I am happy to see the country opening up to graffiti art (eL Seed's towering new text in Ajman, July 5). I have been seeing an increasing number of graffiti art in the cities. My favourite is the one in Al Raha.
The value of art is in the eye of the beholder. We can agree, though, that much of the stuff that graffiti artists produce in other parts of the world hurt their cities. Some of it is beautiful, though.
Ibrahim M, Dubai
With no disrespect to el Seed and his art, I miss some real graffiti - the kind that appears overnight, sprayed by talented underground kids.
Wiltrud Matthes, Dubai
Drones ought to be regulated or even banned
Last year, Dubai International Airport closed its airspace three times due to drones flying too close to the area (UAE looks to combat drone incursions after Gatwick incident, July 5). Dozens of flights were diverted. These drones must be better regulated.
I have seen children flying drones in our neighbourhood. I am not opposed to that, but some of them fly them too close to the windows of high-rise buildings. Such activities are a nuisance. Who knows whether these drones are fitted with cameras or not? If drones cannot be better regulated, they should be banned. They can really pose security threats to individuals and institutions.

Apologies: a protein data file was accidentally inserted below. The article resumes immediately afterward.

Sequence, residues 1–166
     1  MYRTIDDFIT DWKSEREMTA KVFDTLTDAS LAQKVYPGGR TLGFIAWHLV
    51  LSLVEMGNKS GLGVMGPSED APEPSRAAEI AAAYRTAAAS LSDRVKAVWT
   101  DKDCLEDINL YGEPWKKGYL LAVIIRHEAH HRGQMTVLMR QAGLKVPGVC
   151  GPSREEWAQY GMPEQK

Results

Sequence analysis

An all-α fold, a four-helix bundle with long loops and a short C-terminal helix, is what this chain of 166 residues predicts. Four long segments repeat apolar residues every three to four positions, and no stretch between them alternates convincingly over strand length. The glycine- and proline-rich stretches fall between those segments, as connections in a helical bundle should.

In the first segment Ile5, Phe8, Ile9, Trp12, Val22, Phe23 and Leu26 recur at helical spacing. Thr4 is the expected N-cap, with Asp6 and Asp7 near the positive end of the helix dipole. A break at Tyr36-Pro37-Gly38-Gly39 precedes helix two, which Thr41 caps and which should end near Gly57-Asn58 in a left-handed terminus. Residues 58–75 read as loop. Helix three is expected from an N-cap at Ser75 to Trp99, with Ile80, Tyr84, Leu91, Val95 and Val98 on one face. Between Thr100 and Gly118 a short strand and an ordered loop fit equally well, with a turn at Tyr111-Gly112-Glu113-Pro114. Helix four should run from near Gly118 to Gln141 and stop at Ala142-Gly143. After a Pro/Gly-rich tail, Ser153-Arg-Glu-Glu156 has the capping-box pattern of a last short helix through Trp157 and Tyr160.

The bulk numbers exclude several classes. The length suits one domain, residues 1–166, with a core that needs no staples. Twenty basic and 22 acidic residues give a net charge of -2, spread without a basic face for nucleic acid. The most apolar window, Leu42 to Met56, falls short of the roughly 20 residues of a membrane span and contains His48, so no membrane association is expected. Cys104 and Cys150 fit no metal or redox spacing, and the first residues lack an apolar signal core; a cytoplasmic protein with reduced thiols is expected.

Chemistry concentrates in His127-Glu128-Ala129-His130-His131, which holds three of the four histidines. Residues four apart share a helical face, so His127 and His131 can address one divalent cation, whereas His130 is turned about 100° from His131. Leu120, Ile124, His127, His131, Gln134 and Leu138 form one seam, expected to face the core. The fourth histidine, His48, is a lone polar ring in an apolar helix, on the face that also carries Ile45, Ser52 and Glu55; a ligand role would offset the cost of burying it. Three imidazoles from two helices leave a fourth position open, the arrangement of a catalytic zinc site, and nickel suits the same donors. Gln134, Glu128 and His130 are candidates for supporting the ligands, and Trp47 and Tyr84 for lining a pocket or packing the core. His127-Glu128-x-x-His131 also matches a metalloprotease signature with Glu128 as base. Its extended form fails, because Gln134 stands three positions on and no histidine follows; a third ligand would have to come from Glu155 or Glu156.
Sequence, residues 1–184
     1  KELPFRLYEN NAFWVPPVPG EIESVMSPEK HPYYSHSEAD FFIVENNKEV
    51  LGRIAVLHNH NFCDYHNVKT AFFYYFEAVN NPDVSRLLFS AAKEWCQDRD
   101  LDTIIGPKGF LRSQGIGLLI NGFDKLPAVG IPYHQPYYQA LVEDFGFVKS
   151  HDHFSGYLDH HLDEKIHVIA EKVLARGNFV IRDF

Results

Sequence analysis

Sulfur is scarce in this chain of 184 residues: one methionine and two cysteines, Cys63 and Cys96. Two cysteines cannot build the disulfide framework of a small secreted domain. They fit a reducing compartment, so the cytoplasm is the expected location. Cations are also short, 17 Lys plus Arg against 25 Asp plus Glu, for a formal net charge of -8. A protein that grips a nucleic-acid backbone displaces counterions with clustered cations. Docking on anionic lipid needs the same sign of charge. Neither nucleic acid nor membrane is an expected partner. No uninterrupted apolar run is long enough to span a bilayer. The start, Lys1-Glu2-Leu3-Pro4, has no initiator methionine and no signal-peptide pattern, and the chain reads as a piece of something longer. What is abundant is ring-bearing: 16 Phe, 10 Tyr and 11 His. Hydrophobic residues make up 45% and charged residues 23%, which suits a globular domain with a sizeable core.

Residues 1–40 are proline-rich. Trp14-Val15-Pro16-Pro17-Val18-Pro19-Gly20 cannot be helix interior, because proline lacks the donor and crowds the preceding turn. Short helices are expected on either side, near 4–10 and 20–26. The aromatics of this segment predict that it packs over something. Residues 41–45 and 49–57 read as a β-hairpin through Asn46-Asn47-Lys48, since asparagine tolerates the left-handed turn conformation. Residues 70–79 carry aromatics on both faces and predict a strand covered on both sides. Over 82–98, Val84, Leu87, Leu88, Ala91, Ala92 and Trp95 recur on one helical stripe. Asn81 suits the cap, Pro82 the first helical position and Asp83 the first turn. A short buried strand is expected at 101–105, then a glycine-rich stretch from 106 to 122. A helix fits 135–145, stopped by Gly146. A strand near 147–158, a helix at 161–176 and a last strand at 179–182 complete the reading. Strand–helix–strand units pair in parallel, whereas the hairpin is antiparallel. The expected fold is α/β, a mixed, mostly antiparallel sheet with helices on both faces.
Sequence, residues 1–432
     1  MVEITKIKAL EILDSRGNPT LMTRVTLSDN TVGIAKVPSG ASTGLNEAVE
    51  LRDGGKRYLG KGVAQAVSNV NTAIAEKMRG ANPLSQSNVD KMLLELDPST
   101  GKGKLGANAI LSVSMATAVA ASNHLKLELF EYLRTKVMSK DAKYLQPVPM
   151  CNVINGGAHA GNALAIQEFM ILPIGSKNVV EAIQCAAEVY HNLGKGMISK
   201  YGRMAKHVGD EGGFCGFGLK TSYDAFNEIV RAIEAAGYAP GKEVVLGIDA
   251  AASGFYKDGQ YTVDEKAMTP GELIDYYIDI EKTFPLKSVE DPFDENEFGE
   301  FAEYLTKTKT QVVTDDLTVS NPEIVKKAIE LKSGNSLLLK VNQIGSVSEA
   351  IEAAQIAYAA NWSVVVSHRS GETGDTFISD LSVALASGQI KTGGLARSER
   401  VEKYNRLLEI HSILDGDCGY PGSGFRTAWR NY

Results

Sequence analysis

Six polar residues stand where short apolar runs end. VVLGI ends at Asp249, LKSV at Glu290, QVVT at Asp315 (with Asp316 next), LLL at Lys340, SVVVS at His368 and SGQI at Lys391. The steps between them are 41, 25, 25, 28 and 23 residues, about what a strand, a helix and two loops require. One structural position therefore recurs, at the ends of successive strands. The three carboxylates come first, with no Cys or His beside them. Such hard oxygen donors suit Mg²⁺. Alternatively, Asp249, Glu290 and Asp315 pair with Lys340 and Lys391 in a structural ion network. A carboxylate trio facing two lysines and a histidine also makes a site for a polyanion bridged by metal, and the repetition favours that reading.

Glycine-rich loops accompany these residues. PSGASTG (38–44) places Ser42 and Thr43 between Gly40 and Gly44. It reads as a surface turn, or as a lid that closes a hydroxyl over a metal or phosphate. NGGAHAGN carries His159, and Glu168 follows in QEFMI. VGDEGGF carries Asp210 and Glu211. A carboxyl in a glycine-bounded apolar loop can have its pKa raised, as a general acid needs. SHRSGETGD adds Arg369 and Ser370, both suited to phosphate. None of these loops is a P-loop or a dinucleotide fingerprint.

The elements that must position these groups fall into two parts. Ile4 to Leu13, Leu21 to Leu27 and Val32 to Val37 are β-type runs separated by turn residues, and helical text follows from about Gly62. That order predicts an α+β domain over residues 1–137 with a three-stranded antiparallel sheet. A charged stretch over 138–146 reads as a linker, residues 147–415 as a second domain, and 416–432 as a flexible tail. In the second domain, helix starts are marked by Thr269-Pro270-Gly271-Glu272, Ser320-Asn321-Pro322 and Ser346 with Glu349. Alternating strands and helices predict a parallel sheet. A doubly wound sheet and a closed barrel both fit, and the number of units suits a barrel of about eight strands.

Maurice Taylor, Dubai
Traffic laws must be enforced across the country uniformly
Regarding the traffic law, I'm confused (More than 1,200 drivers caught by Dubai Police on first day of law change, July 4). The other day, I was driving on the highway at 65kph when the radar went off. I found it strange as I was in an 80kph zone, meaning one can drive at 100kph. This was in Ras Al Khaimah.
Christina Murphy, Dubai
I am glad that finally the new traffic laws are taking effect. This should happen all over the country.
More importantly, drivers need better training and the licensing system must be tougher. Why can’t the UAE follow a system similar to the ones in Canada or the United States?
Name withheld by request
Education cost is not that high compared to that of US
In reference to your article UAE parents pay more than double global average for education (July 3), if you paid $99,000 for private school from kindergarten to four years of college, you are getting a steal in UAE. In the United States, I have paid about $170,000 for my son to attend private school from the first to 10th grade, and I still have two more years of high school and four years of college to go.
Sharona Thomas-Wilson, Dubai
School fees are outrageous. There needs to be a serious reform in terms of how much schools should be allowed to charge.
Sara Smith , Dubai